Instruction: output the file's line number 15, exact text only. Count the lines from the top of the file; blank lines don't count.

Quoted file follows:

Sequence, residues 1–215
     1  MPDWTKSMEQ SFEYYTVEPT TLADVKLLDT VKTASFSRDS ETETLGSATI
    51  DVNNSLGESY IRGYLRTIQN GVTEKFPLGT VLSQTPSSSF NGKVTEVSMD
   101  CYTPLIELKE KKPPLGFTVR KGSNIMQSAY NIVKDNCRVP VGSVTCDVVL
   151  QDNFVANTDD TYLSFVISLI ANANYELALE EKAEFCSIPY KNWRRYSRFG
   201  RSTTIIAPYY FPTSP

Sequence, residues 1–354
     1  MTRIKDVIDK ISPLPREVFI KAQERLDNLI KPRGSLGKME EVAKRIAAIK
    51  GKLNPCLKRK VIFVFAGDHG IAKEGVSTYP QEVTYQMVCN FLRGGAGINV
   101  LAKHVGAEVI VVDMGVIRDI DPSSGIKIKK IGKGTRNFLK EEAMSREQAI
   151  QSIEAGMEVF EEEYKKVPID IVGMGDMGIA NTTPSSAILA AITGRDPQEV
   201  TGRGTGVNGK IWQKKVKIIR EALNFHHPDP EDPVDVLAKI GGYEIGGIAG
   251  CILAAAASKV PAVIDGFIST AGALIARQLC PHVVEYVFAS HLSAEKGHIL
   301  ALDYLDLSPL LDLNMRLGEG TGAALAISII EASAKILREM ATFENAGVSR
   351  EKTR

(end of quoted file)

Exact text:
   351  EKTR